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From a Cause to a Style: Modernist Architecture's Encounter with the American City

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ISBN-13: 978-0691129570
ISBN-10: 0691129576
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Editorial Reviews


"The greatest pleasure of From a Cause to a Style lies simply in listening to Glazer think as he walks us about his native New York, with occasional diversions to other locals like Boston or the Washington Mall. His intelligence fairly radiates from the page, and his prose is a pleasure to read--clear, supple and frequently droll."--Kevin Baker, New York Times Book Review

"A new, wonderful collection of essays. . . . Mr. Glazer's analysis elegantly weaves aesthetics, political science, and intellectual history together. . . . [This] superb book explores an important aesthetic movement, but it is also a warning against delegating public control over construction to artistic elites. . . . Mr. Glazer has made his case well."--Edward Glaeser, New York Sun

"Glazer credits the modernist generation for their interest 'in good sanitary housing, in green space, in access to air and light, in more living space'--in creating a livable city. They often failed to see how their plans would intersect with, or crash into, reality, but at least they were engaged."--Christopher Shea, Boston Globe

"In From a Cause to a Style, sociologist Nathan Glazer laments the loss of the idealism and zeal that designers possessed in the post-war period."--John Norquist, Cities on a Hill

"Where urban architecture is concerned, seldom has there been so perceptive a watcher as Nathan Glazer. . . . A wise and humane book, From a Cause to a Style exudes the authority that comes from a lifetime's mature consideration of its subject."--Michael J. Lewis, Commentary

"From a Cause to a Style collects [Glazer's] intriguing--and accessible--essays on urban architecture and public space."--Fred Siegel, City Journal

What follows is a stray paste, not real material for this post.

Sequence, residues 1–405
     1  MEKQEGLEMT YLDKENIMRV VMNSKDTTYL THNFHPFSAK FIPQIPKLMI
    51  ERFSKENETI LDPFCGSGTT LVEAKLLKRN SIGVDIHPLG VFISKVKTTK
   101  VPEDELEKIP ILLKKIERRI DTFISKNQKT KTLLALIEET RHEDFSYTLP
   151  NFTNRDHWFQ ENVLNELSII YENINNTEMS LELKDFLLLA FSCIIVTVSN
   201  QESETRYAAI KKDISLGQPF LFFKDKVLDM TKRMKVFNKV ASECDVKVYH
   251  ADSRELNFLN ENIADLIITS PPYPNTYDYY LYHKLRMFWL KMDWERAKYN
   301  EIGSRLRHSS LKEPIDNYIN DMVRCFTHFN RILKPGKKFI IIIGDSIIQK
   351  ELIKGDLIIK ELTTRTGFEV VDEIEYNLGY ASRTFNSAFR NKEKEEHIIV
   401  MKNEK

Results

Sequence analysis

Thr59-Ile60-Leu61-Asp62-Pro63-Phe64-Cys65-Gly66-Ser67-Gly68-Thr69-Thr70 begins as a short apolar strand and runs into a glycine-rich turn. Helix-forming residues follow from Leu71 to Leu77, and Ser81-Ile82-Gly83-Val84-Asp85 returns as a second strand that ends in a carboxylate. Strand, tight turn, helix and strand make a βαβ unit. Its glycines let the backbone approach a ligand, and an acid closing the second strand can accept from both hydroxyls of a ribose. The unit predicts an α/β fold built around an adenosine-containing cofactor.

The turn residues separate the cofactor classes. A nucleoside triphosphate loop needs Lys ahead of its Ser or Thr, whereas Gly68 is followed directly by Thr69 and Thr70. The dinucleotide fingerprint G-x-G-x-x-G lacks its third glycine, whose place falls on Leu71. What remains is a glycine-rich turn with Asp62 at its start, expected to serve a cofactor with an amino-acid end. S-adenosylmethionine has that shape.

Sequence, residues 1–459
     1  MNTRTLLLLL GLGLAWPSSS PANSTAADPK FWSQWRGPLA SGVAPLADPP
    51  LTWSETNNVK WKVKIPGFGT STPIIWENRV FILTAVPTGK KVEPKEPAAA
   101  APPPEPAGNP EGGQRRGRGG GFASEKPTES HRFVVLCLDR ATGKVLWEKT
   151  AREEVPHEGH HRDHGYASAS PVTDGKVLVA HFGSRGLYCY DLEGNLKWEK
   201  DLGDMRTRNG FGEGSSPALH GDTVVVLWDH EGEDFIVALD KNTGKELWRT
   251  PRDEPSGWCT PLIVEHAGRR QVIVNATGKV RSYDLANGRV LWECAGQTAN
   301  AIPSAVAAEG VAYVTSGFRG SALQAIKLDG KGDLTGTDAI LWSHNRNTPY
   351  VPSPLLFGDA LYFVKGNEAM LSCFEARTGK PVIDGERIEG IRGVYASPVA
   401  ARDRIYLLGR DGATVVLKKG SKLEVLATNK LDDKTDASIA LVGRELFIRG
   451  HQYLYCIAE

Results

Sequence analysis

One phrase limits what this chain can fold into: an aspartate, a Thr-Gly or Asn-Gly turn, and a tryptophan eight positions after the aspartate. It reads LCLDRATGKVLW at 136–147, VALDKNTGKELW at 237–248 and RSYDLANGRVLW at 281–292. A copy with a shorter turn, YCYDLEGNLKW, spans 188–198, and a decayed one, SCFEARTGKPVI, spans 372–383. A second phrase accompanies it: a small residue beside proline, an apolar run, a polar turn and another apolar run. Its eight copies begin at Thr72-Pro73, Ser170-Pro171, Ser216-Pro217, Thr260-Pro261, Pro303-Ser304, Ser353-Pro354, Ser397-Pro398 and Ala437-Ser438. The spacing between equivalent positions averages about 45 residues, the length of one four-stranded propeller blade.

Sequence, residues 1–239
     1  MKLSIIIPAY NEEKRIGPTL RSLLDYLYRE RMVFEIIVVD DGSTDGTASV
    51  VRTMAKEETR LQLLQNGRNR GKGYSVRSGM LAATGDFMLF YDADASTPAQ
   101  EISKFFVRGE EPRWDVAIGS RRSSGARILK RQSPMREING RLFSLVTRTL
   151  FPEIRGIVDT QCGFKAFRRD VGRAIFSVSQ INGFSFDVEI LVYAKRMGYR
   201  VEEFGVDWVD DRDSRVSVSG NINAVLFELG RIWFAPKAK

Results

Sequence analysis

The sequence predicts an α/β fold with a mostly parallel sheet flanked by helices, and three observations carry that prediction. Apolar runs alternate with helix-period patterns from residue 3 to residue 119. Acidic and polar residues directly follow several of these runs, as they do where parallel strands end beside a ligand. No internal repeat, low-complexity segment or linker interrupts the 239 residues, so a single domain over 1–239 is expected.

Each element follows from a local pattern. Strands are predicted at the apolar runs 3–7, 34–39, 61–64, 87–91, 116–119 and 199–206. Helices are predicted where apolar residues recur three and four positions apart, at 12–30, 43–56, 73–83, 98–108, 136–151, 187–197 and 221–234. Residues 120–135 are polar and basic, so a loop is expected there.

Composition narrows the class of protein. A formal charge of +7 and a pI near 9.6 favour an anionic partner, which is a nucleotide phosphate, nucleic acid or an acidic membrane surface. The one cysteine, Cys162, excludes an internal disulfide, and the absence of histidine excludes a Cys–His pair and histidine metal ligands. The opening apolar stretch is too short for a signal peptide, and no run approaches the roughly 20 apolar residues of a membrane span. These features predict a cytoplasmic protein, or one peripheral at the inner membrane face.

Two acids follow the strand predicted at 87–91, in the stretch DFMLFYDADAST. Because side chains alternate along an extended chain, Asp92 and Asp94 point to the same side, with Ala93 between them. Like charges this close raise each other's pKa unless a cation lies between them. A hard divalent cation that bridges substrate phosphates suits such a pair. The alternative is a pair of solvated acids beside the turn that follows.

"Nathan Glazer, the eminent American sociologist, discusses the conflict between Prince Charles and [modernist] architects in his remarkable new book, From a Cause to a Style: Modernist Architecture's Encounter with the American City."--Robert Fulford, National Post

"Nathan Glazer isn't afraid of a little controversy. In From a Cause to a Style he deftly argues that the modernist architectural movement was a civic disaster. Modernism began as a call for functional buildings and essential public spaces shorn of unnecessary ornament, but wound up as 'soulless, bureaucratic and inhuman.' Glazer challenges the next generation of architects, planners and designers to learn from history's mistakes."--TBJ Home (Chinese English-language magazine)

"Glazer...has many useful and intelligent thoughts to offer.... [H]ere is literacy of a high order, writing which by force of style alone nearly convinces."--David Dunster, Architectural Review

"Written in an appealing and clear style, this book is a most necessary reading for anyone interested in both a deep and broad understanding of modernism, and the controversial forms it takes in the city."--Julia Nevárez, Architectural Science Review

"What is good? What is true? What is beautiful? From a Cause to a Style clears at least some of the intellectual space needed for a larger reconsideration of these questions. It deserves a wide reading."--Phillip Bess, Society

From the Back Cover

"I have learned profoundly from Nathan Glazer's cultural perspectives and deep insights, engaging the extraordinary and the ordinary. From a Cause to a Style is a work I consider most relevant and significant for our time via its all-encompassing range and its richness of detail involving multiple urban, architectural, technical, and social issues-recent, current, and future."--Robert Venturi, architect and author

"This collection is a reminder that in addition to being an urban sociologist, an astute commentator on social issues, and a public intellectual, Nathan Glazer is an insightful and provocative architecture critic."--Witold Rybczynski, author of Home: A Short History of an Idea